Meditation and Mindfulness

Slowing down, doing less and being still can feel like an uphill battle in our culture.  I’ve learned from my clients over the years that “FOMO” or “Fear of Missing Out” is, indeed, very real.  I tend to think of FOMO as a by-product of the Social Media Age, where curated images are force-fed to the unsuspecting as though it is “real life.” Everyone else has a somehow better life in pictures than could ever possibly be real.

In addition to our own “FOMO,” we often experience cultural backlash for simply saying “no,” politely declining invitations, plans, and chronic overstimulation in favor of doing less and “being” more.  Making different choices often causes others to question their own.  And that can make people uncomfortable.

“In an age of constant movement, nothing is so urgent as sitting still.”
~ Pico Ayer

We practice meditation and mindfulness in order to be present for the only moment that exists — the right now. Or because we long to show up for Self and be powerful in our own life. Or because we know somewhere deep down, “There’s got to be more than…this.”

In an age of extreme distraction and frantic levels of activity, we are depressed, anxious, and lacking meaning in our lives. Our minds, hearts, and spirits are rarely in the same place as our toes. You can choose to slow down, do less and simply notice…what you notice.

Come As You Are

A meditation and mindfulness practice is not a one-size-fits-all endeavor. Some people meditate alone while others meditate in group. Meditating in nature can feel essential for some. Others opt for their favorite couch or chair. Some gravitate toward stillness and silence. Some folks prefer motion, movement, and vocalization. Regardless of your approach, meditation is an invitation to Self, and then, to everything greater than Self.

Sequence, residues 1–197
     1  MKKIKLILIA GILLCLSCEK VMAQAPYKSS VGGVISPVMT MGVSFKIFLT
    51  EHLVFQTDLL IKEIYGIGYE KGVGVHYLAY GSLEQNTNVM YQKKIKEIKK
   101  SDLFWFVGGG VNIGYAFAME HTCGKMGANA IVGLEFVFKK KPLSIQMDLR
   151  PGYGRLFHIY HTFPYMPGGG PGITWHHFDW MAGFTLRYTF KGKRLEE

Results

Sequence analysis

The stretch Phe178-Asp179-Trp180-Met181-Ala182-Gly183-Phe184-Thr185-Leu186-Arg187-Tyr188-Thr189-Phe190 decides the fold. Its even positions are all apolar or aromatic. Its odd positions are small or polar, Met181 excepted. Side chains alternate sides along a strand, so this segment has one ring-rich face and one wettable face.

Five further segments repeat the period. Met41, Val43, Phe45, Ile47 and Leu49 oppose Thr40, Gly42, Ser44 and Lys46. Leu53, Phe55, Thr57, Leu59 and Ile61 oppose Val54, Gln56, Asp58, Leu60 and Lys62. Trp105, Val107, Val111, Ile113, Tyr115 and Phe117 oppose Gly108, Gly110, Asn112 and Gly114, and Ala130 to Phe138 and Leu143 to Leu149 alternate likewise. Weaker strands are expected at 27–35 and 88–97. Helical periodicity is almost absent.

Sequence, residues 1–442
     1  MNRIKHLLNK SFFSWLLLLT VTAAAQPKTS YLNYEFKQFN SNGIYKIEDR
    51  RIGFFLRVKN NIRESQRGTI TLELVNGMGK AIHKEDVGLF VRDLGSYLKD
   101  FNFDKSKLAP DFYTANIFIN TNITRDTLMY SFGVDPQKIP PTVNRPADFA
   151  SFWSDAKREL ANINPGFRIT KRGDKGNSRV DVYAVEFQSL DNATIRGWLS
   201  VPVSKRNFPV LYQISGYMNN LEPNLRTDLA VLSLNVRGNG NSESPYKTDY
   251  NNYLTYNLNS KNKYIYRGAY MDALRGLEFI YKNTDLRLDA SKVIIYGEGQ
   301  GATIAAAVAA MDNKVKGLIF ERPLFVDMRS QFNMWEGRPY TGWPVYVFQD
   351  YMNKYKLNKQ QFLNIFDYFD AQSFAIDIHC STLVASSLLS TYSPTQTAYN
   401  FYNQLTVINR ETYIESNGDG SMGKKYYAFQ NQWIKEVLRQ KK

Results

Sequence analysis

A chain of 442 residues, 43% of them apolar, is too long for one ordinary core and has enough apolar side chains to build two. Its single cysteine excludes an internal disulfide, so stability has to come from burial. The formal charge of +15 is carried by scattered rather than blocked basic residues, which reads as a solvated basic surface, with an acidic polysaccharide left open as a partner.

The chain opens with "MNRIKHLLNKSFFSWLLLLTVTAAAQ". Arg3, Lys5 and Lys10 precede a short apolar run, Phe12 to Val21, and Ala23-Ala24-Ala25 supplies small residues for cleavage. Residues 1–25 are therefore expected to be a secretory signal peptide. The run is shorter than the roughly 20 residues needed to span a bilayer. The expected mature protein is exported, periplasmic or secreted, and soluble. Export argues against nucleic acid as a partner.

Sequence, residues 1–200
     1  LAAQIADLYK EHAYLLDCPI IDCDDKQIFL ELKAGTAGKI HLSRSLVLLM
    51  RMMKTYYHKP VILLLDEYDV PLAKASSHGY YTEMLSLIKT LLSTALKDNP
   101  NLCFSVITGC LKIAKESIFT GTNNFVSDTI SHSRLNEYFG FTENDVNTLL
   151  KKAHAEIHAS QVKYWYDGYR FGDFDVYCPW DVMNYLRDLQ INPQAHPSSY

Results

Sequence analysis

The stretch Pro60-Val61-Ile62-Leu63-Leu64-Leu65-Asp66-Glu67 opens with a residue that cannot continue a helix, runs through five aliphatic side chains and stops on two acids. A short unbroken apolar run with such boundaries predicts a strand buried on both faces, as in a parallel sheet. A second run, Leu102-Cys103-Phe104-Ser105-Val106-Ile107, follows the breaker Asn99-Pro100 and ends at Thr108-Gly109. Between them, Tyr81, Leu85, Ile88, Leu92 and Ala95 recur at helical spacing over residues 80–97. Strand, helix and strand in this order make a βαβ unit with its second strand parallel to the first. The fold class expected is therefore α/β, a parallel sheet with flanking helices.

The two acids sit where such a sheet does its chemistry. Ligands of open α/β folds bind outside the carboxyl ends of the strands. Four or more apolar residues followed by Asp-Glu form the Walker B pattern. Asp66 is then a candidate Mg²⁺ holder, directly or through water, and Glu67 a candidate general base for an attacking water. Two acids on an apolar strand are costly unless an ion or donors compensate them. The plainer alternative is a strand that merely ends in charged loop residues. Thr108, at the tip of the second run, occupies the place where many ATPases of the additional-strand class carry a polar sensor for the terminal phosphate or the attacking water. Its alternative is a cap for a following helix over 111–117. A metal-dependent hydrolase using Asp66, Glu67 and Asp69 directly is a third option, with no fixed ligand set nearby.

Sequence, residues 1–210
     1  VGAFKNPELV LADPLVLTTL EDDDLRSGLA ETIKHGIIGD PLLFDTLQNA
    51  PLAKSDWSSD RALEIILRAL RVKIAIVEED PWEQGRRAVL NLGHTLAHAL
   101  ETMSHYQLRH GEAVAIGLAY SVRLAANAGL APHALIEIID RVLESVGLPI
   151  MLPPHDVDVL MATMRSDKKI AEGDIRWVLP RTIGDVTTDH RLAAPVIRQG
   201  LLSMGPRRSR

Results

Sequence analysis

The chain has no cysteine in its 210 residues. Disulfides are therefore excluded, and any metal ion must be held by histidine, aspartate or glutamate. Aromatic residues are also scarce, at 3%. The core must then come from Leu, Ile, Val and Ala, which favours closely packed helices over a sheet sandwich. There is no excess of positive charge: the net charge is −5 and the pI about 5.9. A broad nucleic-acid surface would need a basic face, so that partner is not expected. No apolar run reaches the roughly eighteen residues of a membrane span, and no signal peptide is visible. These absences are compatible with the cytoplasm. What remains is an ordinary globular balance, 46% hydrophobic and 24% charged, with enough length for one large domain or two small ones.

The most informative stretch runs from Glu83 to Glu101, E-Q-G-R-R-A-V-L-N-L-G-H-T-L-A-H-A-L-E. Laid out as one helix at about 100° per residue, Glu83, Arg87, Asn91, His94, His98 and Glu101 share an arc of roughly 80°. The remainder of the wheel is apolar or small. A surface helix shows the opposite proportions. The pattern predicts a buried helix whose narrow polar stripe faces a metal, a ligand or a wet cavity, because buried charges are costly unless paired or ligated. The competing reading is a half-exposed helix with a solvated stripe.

Best of all, no special clothes or poses or equipment is required. It’s portable. We simply “Sit.” Or walk. Or stand. And notice what we notice. Grief, restlessness, thoughts, anxiety, “Am I doing this right?” We make room for all that presents itself. Often, we return our focus to a single point of awareness – the breath, the bottom of the belly, an imagined blank blackboard, a sound.  Always back to a single point of awareness.  This is the practice.

The effects of meditation and mindfulness are in the moment and cumulative. Each time we “Sit” (or walk or stand) we are a bit closer, connected and known, to Self. With consistent practice, it is possible to become more connected than not.

The Benefits of Meditation and Mindfulness

The benefits of meditation and mindfulness are well established in various scholarly articles and referenced in self-help pieces. Meditation and mindfulness reduce depression, anxiety, physical pain, and insomnia. These practices can strengthen our immune system, and improve countless other aspects of our physical, emotional, and spiritual experience.

Meditation and mindfulness can also offer us a path to greater spiritual connection, to knowing and expressing our truest nature, and to trusting Self as a manifestation of the Divine. Meditation and Mindfulness have the potential to be a deeply meaningful practice that nourishes you in ways that have no words.

“Go slow.  Or don’t go.”
~ Yours truly 

© 2023

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